TTM: A useful model for marketing research?Kolumne von Adele Gritten
Behavioural Economics in marketing research is everywhere now. But many clients frequently need help to make sense of it all. What are they supposed to do with behavioural economics outputs? Too much theory and not enough practice, some say. That's nice and funky, others say; it sounds very grand and clever, but where's the "so what" or the added value?
Part of the challenge is getting clients to understand that, for effective outcomes, they need to embed behavioural economics throughout a research programme, not just in one isolated part of it. As part of research project set-up, clients need to work with their agency to think about research participant mind-set and the extent to which priming may have an influence on decisions per se and the way in which they might answer a survey. As part of research design, the agency must in turn guide their clients to think about whether too much focus on asking direct questions will mean a post-rationalised research participant response. As part of analysis, reporting and recommendation, clients and agencies alike must consider the nudges, hooks, and biases etc. that can steer and influence behaviour.
Marketing research has long since used tools to uncover unspoken responses: eye-tracking, facial decoding, blood-pressure monitoring, heart-rate monitoring, galvanic skin resistance, to name a few. What agencies have been less adept at doing is using analysis frameworks and/or models to assess and make sense of unspoken responses more productively.
One such model is the Transtheoretical behaviour change model. It is a model that assesses an individual's readiness to act on a new healthier or more positive behaviour. Also known by the acronym TTM and by the term "stages of change", it has become the most widely used model in assessing health behavioural change e.g. smoking cessation and weight loss.
Essentially, TTM uses approaches to uncover unspoken responses. It looks at the cycle of how people enter a decision making arena (Pre-Contemplation) through to consideration about whether they might one day make a change (Contemplation). It then looks at when and whether they might exit and re-enter the arena at any stage (Determination). It explores what they are likely to do as a result of their determination (Action) and whether they are likely to exit and re-enter the arena at any stage (Relapse), and finally the extent to which they will keep adhering to the new changed behaviour (Maintenance).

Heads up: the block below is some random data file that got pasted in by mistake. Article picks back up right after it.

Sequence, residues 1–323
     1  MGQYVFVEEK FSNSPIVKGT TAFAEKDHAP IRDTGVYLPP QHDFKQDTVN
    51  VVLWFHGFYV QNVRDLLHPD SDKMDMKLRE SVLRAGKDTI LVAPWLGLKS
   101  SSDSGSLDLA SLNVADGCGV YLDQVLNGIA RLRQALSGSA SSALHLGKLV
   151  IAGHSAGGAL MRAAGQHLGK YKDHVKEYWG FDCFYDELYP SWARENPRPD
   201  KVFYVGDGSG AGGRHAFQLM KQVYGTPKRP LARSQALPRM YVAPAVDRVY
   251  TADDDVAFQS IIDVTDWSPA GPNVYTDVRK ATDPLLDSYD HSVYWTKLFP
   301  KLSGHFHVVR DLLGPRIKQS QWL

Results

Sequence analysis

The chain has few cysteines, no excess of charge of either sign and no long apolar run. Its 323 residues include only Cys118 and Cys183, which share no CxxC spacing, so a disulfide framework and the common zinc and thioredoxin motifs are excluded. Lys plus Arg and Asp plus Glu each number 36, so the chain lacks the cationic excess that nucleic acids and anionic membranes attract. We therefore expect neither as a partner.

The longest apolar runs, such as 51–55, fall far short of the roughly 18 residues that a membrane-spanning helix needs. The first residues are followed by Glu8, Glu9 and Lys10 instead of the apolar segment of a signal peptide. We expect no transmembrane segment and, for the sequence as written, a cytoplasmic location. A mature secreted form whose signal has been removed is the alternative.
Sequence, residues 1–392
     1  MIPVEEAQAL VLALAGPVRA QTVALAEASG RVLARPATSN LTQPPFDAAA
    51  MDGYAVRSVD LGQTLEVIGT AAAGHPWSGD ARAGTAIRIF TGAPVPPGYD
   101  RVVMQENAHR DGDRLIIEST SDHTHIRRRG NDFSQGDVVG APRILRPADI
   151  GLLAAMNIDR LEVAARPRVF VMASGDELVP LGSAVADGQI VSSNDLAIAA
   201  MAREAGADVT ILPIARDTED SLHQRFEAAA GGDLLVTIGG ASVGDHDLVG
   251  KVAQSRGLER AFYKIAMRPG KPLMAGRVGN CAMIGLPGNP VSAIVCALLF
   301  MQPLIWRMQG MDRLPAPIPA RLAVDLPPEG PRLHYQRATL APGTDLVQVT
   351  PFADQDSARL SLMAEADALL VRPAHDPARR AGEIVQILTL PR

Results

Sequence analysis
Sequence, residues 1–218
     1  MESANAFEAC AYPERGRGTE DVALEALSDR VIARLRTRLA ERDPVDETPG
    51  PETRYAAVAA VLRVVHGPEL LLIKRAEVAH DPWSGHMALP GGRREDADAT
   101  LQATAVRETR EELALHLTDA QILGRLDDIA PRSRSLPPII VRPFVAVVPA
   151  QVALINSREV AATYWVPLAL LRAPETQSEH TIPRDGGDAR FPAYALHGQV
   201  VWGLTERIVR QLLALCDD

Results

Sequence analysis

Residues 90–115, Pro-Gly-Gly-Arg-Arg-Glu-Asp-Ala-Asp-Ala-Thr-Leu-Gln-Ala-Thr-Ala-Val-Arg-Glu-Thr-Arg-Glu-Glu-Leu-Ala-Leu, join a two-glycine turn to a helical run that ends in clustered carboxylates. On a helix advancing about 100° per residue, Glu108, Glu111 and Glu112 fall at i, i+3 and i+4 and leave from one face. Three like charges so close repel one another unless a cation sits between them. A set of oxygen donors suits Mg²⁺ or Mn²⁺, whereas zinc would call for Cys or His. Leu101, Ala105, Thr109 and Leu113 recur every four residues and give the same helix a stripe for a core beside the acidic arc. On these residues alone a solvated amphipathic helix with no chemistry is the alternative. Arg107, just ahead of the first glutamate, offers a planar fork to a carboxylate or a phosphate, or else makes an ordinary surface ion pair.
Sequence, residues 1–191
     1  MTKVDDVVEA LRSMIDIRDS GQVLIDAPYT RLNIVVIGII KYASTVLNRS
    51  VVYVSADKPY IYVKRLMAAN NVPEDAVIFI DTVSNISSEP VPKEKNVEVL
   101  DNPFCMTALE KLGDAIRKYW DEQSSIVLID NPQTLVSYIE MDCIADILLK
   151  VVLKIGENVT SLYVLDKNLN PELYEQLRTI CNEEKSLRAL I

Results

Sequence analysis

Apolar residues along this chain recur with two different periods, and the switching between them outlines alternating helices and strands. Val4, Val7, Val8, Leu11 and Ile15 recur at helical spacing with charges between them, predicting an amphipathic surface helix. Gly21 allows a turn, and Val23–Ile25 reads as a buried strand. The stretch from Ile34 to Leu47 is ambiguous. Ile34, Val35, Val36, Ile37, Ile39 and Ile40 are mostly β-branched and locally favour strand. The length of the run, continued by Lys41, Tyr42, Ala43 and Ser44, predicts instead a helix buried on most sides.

Using TTM as a model for evaluating consumer decision-making via an indirect questioning lens allows us as part of research design to do three important things: (1) consider relevant nudges; (2) develop hypotheses; (3) test interventions. For clients, this is powerful as it allows them to select the right (marketing) nudges based on observed behaviour, deploy test and learn approaches to maximize optimum messaging and communications efficacies, and ultimately, spark motivation to change behaviour, e.g. buy more product, follow a brand into a new market, recommend to others etc.
By running the TTM as part of a quantitative online survey, we can provide rich and actionable insight to inform client strategies. Since the model is based on psychometric modelling techniques, each question in its own right may appear bland. However, in combination with wider System 1 and System 2 question styles (think Daniel Kahneman) and, particularly when looked at dualistically alongside complementary qualitative research, clients get a powerful insight into research participants’ non-conscious pre-disposition to change their behaviour.
How the TTM is best applied will be slightly different in each client case. First, we typically identify key drivers and barriers to behavioural change (from a pre-coded list) and then measure their impact on change at each stage of the model, by brand and by demographic/segment groups, in order to inform ongoing strategy and priority setting etc. We then tailor our questionnaires by issue and category, using the TTM to work off a battery of attitudinal statements that help us to define which stage a consumer is in. We do this at a category level, e.g. health and well-being. We would not drop this reference down to sub-category level, e.g. specific ailments, because this is about a broader shift in long term behaviour at a macro level.
To summarise: the TTM is just one prevalent well-validated model of many that can be used to better understand macro shifts in consumer behaviour. Our job, as always, is to find the right framework or model for the business objective in hand. Whilst a one-size fits all approach rarely provides the granular insight required to move the dial in terms of consumer behaviour change, having an over-arching model for high-level insight can indeed put the bigger picture and wider trends into perspective.